WP205 Interactional Sociolinguistics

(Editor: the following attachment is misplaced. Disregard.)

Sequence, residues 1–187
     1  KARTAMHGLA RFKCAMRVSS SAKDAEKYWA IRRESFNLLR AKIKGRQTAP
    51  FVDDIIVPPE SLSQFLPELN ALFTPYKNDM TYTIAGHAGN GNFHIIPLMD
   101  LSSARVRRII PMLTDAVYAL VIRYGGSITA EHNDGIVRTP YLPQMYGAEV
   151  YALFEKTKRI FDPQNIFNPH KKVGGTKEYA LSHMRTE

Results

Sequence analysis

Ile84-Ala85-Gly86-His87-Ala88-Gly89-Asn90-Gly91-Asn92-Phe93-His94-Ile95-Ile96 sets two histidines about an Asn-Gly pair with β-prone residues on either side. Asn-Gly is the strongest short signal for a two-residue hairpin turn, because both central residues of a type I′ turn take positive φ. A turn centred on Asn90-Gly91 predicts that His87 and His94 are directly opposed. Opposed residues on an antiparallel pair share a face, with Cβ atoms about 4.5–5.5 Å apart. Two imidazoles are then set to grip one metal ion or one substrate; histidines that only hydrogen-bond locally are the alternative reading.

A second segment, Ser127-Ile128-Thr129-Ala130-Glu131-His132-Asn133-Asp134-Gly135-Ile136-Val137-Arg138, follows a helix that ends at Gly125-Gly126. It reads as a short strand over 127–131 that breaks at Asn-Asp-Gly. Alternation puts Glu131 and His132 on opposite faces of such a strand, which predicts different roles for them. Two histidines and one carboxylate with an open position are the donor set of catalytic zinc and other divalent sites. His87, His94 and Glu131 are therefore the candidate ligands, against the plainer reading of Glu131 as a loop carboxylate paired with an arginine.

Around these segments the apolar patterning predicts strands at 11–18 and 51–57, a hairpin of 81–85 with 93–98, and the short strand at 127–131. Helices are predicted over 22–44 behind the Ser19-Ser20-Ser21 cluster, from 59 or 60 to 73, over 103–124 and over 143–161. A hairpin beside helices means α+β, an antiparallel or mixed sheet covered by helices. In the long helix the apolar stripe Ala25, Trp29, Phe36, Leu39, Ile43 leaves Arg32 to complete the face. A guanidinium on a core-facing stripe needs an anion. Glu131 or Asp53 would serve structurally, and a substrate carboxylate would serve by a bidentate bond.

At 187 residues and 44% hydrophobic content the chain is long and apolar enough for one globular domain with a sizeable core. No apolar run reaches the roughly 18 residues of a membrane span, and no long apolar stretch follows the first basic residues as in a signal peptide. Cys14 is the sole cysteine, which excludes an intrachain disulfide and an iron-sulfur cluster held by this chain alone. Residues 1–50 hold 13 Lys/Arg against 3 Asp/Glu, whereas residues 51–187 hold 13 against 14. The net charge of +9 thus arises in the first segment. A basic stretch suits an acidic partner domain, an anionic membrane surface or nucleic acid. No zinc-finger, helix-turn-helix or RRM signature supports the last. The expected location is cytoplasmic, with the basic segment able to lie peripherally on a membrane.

This paper starts with a sketch of the origins of Interactional Sociolinguistics (IS) in Gumperz and Hymes’ early efforts to develop a general theory of language and society. Characterising the key features of Gumperzian IS, it emphasises the notions of ‘inference’ and ‘contextualisation’ as well as the (counter-hegemonic) centrality of intensive analyses of recorded interaction. It then turns to IS’s close relationship with Linguistic Anthropology and Conversation Analysis, considering the challenges presented by IS’s insistent interdisciplinarity and its relative lack of formalisation, following this with a brief discussion of how IS seeks to intervene in non-academic activity. Concurring with Auer & Roberts’ view that Gumperz was the first to develop a sociolinguistics capable of handling globalised superdiversity, the paper then describes the ways in which his work on code-switching and intercultural communication has been updated in, respectively, studies of stylisation and asylum procedures. Finally, it suggests that in future work, IS should examine the interface between face-to-face and digital interaction together with the implications of new forms of surveillance, capitalising on the anti-structuralist rigour that IS can bring to the study of Foucauldian ‘governmentality’.